Under Federal Rule of Civil Procedure 12(b)(6),a claim may be dismissed because of the plaintiff's "failure to state a claim upon which relief can be granted." Fed. R. Civ. P. 12(b)(6). A dismissal under Rule 12(b)(6) may be based on the lack of a cognizable legal theory or on the absence of sufficient facts alleged under a cognizable legal theory. Johnson v. Riverside Healthcare Sys., 534 F.3d 1116, 1121 (9th Cir. 2008); Navarro v. Block, 250 F.3d 729, 732 (9th Cir. 2001). In reviewing a complaint under Rule 12(b)(6), all allegations of material fact are taken as true and construed in the light most favorable to the non-moving party. Marceau v. Blackfeet Hous. Auth., 540 F.3d 916, 919 (9th Cir. 2008); Vignolo v. Miller, 120 F.3d 1075, 1077 (9th Cir. 1999). The Court must also assume that general allegations embrace the necessary, specific facts to support the claim. Smith v. Pacific Prop. and Dev. Corp., 358 F.3d 1097, 1106 (9th Cir. 2004); Peloza v. Capistrano Unified Sch. Dist., 37 F.3d 517, 521 (9th Cir. 1994). But, the Court is not required "to accept as true allegations that are merely conclusory, unwarranted deductions of fact, or unreasonable inferences." In re Gilead Scis. Sec. Litig., 536 F.3d 1049, 1056-57 (9th Cir. 2008); Sprewell v. Golden State Warriors, 266 F.3d 979, 988 (9th Cir. 2001). Although they may provide the framework of a complaint, legal conclusions are not accepted as true and "[t]hreadbare recitals of elements of a cause of action, supported by mere conclusory statements, do not suffice." Ashcroft v. Iqbal, 129 S.Ct. 1937, 1949-50 (2009); see also Warren v. Fox Family Worldwide, Inc., 328 F.3d 1136, 1139 (9th Cir. 2003). Furthermore, Courts will not assume that plaintiffs "can prove facts which [they have] not alleged, or that the defendants have violated . . . laws in ways that have not been alleged." Associated General Contractors of California, Inc. v. California State Council of Carpenters, 459 U.S. 519, 526 (1983). As the Supreme Court has explained:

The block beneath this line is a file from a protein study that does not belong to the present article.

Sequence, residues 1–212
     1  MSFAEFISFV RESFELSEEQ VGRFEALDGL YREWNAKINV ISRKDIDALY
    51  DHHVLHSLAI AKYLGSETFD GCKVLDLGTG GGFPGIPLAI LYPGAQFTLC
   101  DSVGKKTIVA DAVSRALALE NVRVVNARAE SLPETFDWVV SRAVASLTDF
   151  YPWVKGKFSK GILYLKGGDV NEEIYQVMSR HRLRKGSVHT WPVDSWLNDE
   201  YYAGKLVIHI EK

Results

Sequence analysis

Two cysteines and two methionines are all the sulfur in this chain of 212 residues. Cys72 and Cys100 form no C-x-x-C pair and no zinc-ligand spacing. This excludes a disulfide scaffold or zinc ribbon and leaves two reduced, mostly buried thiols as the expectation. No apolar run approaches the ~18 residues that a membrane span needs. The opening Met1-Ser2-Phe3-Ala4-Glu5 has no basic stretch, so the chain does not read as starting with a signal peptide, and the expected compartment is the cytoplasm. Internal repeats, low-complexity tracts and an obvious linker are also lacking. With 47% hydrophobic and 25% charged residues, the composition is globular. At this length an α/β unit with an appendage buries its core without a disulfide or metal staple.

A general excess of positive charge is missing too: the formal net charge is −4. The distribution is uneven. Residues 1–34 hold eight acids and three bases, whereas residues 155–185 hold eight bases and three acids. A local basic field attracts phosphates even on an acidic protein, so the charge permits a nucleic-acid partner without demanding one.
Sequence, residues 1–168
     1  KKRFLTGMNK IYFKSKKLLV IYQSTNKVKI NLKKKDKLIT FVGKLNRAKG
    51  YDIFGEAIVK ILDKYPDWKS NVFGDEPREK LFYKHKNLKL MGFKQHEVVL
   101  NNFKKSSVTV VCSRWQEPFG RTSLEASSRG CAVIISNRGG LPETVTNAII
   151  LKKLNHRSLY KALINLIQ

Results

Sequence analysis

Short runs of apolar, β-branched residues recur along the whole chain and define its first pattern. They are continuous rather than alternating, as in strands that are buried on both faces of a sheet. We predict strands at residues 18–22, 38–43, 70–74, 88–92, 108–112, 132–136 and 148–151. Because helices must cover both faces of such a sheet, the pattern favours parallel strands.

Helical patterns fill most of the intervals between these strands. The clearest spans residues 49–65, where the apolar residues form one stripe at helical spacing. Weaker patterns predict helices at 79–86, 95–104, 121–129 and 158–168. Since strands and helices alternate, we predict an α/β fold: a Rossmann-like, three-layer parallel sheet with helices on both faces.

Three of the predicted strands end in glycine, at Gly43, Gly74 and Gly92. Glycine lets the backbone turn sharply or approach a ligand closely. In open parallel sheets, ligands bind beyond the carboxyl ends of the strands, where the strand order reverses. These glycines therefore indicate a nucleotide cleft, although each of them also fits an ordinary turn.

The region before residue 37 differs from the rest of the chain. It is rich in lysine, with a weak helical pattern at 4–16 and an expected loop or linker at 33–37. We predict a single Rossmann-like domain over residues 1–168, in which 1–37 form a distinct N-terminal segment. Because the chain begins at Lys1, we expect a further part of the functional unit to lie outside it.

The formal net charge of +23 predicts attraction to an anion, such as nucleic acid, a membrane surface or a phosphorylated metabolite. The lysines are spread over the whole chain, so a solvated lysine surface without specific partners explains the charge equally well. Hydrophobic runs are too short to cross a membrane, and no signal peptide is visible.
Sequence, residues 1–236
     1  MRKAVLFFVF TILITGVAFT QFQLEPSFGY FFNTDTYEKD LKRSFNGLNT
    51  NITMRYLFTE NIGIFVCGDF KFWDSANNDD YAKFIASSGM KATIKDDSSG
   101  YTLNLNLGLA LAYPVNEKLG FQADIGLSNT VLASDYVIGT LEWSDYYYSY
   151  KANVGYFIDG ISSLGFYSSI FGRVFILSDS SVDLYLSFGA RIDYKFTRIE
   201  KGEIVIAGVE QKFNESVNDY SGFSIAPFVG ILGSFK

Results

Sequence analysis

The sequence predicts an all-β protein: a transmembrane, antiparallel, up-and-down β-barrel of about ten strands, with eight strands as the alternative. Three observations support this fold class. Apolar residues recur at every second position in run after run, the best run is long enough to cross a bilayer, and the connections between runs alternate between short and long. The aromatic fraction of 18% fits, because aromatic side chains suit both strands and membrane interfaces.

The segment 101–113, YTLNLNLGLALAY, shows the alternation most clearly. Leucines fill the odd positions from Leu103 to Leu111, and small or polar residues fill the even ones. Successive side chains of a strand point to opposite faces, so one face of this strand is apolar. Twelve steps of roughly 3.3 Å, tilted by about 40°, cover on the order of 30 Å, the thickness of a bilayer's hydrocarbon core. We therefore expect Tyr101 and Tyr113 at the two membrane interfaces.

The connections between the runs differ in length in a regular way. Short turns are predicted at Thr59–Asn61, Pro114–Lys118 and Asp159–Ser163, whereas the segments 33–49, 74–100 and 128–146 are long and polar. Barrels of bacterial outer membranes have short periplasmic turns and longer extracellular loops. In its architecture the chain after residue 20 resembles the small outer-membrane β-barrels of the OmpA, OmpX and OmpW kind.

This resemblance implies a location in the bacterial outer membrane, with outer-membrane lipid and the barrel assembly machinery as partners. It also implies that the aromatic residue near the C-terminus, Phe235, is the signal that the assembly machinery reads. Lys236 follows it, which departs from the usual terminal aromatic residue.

While a complaint attacked by a Rule 12(b)(6) motion to dismiss does not need detailed factual allegations, a plaintiff's obligation to provide the 'grounds' of his 'entitlement to relief' requires more than labels and conclusions, and a formulaic recitation of the elements of a cause of action will not do. Factual allegations must be enough to raise a right to relief above the speculative ...